Philip Krajeski, Dana Point
I recently attended a community meeting held by the Beverly Hills Hospitality Group to discuss the proposed Doheny Hotel. As a resident of the Lantern Village and, more importantly, as someone dedicated to preserving the natural beauty of Dana Point, I admit that I was opposed to the size and scope of the project right from the start. However, to allow me to make a more informed decision, I began researching the project online.
In an Orange County Register article (“258-room Dana Point hotel proposal under public review,” August 13, 2013) I learned that this project first came to the attention of the residents of Dana Point in 2011, generating “ letters in opposition … about the hotel’s size and its potential effects on traffic, neighborhood parking and aesthetics.” I also learned in a Dana Point Times article (“Reaching for New Heights,” November 15, 2013) that an environmental impact report commissioned by the city stated that this project would have “significant unavoidable environmental effects,” particularly related to aesthetics, building height and expanse.
Here are my takeaway points from the community meeting:
Michael Draz, CEO of the Beverly Hills Hospitality Group, recently filed for Chapter 11 bankruptcy protection to help manage the debt he took on to buy up the three properties, where he would like to build the Doheny Hotel. He and his public relations firm will do their best to spin this bankruptcy filing as a positive development, because he was able to get better terms on the loan. But the fact remains, he is under a great deal of pressure to move this project through the planning stages and bring him closer to his desired goal: a substantial payday when he sells this property to the Hyatt Hotels Corporation.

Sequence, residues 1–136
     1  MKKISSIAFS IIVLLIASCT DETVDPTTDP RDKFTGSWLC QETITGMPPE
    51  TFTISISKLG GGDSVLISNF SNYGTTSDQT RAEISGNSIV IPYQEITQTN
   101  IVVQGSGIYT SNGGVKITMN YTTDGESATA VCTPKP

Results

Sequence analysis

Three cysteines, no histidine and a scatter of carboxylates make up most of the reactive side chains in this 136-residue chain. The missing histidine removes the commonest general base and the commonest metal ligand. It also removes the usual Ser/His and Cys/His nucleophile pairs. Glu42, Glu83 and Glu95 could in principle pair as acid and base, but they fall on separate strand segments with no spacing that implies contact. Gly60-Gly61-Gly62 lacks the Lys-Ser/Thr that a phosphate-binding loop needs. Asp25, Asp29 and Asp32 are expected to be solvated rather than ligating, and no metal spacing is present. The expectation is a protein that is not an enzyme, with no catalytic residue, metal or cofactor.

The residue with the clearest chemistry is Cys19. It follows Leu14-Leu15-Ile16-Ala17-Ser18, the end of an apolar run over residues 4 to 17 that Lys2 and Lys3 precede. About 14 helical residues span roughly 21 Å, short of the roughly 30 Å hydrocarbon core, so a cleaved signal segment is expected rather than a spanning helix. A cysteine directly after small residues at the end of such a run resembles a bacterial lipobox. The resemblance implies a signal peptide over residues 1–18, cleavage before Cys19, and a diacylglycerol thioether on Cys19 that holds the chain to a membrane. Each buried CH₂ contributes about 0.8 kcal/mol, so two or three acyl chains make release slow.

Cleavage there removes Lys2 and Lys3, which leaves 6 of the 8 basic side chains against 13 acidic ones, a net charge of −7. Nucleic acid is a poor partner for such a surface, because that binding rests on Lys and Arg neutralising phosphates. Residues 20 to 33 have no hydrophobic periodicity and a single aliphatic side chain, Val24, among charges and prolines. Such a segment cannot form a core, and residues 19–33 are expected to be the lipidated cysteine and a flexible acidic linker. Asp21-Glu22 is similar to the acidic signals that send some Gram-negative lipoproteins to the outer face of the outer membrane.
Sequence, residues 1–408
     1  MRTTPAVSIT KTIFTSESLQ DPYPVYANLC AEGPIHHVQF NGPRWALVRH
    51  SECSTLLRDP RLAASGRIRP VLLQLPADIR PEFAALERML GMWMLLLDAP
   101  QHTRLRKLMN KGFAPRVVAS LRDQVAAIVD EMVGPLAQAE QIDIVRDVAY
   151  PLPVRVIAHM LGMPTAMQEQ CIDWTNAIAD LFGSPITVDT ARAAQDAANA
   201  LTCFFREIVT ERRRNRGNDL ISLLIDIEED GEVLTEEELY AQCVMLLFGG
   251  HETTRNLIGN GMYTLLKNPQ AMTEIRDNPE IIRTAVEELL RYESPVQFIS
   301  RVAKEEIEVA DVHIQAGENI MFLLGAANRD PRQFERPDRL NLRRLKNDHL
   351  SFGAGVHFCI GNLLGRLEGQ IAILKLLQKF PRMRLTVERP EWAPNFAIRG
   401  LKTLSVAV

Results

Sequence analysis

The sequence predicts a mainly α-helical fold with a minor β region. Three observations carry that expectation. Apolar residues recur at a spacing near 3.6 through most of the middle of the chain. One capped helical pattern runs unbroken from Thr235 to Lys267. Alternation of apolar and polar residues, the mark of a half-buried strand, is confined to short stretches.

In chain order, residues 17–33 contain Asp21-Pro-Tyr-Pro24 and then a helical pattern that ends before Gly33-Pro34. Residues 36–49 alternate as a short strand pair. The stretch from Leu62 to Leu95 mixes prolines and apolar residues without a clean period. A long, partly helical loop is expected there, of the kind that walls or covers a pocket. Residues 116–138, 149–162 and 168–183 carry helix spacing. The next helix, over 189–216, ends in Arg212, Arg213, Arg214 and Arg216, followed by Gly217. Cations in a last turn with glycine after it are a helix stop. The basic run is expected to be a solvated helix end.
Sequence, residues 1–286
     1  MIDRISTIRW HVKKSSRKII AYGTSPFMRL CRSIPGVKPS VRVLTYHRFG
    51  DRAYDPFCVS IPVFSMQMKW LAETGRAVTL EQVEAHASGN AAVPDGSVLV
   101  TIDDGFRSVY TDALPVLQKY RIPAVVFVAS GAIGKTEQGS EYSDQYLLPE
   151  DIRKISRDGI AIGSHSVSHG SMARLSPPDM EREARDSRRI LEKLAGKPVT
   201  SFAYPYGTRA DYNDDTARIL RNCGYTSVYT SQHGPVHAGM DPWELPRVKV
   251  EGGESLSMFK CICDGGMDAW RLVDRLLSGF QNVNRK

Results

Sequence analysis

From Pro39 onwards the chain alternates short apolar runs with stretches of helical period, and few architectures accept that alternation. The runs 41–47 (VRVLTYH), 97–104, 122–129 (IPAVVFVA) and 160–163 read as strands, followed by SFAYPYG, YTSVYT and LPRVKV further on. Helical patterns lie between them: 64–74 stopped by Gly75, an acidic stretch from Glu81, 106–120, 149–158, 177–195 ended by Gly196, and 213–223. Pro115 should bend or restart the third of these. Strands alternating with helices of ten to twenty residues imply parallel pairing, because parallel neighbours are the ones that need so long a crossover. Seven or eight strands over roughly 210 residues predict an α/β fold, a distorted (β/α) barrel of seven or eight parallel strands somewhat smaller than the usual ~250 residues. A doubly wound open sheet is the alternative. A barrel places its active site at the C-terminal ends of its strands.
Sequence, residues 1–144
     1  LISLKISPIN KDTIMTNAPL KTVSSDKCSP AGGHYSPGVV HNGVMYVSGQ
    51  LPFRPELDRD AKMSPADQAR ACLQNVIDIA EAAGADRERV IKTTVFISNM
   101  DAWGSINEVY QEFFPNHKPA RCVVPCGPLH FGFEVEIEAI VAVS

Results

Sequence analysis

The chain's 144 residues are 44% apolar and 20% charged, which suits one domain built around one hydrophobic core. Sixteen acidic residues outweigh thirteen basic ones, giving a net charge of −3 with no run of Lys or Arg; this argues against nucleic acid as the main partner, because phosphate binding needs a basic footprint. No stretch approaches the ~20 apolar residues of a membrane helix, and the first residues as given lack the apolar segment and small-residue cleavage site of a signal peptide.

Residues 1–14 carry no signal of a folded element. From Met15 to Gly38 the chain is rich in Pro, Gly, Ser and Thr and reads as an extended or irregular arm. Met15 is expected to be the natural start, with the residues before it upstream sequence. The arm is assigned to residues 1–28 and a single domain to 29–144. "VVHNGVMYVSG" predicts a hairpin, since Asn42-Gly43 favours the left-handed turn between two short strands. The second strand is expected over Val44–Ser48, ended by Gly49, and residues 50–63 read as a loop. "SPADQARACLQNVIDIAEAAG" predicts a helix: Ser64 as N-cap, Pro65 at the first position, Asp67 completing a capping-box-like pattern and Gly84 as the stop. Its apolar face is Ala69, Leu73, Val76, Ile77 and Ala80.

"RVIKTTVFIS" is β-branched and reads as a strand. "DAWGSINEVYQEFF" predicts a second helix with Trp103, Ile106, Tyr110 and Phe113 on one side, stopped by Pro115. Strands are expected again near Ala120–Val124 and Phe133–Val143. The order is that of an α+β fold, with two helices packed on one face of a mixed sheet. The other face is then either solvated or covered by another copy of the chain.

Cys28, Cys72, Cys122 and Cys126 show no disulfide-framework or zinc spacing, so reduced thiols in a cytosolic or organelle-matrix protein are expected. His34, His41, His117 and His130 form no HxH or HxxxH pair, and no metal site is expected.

Despite BHHG claims, this hotel will significantly change the views of the ocean from the Lantern Village and all approaches along Pacific Coast Highway. All you need to do is view their artist renderings to see this. If you do not get a chance to see one of these renderings at meeting, you can see on the top of page 11 of the November 8-14 issue of the Dana Point Times.
As I sat and listened to the presentation, the most cogent argument against this project became clear: They have no plan in place that works within the current city height limit of 35 feet. This is a parameter that was set after years of careful planning to create our Town Center vision. When I pressed them on this, Bob Theel, the Dana Point based consultant working with BHHG stated “35 feet is not realistic … when trying to create a hotel that would be worthy of a four star rating.”
Again, how invested are you as a resident of Dana Point in the rating of this hotel? I personally am more concerned with the decreased parking, terrible aesthetics and snarled traffic around the hotel than their star rating or ability to interest Hyatt.
I would not be so insulted and aggravated by this presumptuous move of theirs if they had presented a primary Doheny Hotel plan that worked within the current 35 feet limit, and an alternative plan based on the small chance they would receive a height variance to allow them to build to the full 60.5 feet required by the current plan. Imagine the precedent we would set as a city if we immediately changed our height variance for them?
I don’t want to stop the Doheny Hotel. I want to chop the Doheny Hotel down to size. I do think that a smaller, boutique hotel project could be a good fit in this location—a project that respected our current height restrictions and had a more pleasant aesthetic.
If you agree, please join me to voice our opinions Monday, December 9 at City Hall, when the Planning Commission will be conducting a public hearing regarding the Doheny Hotel proposal.